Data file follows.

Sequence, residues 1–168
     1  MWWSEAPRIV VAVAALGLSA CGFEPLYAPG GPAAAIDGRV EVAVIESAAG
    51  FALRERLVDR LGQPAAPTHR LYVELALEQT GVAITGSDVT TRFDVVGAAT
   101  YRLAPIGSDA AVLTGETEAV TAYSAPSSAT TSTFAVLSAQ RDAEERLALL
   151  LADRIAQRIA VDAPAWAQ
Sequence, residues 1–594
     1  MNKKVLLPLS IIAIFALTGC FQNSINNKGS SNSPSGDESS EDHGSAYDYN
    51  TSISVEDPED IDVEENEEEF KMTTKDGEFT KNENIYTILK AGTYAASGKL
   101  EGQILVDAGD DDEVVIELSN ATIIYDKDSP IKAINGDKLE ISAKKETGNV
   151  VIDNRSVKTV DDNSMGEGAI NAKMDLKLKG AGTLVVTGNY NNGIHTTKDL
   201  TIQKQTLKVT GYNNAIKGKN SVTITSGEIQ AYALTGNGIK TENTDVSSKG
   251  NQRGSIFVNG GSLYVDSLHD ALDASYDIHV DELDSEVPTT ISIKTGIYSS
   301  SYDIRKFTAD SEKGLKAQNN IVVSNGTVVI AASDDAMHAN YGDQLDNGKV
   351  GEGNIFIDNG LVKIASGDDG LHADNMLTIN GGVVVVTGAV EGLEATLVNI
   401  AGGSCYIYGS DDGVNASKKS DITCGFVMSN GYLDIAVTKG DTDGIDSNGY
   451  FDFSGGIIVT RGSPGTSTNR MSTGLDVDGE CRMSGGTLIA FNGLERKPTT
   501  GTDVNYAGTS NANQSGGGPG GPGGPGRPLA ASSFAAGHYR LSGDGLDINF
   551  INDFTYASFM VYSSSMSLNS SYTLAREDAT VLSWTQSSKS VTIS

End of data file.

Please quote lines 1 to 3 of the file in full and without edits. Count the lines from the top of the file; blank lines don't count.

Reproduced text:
Sequence, residues 1–168
     1  MWWSEAPRIV VAVAALGLSA CGFEPLYAPG GPAAAIDGRV EVAVIESAAG
    51  FALRERLVDR LGQPAAPTHR LYVELALEQT GVAITGSDVT TRFDVVGAAT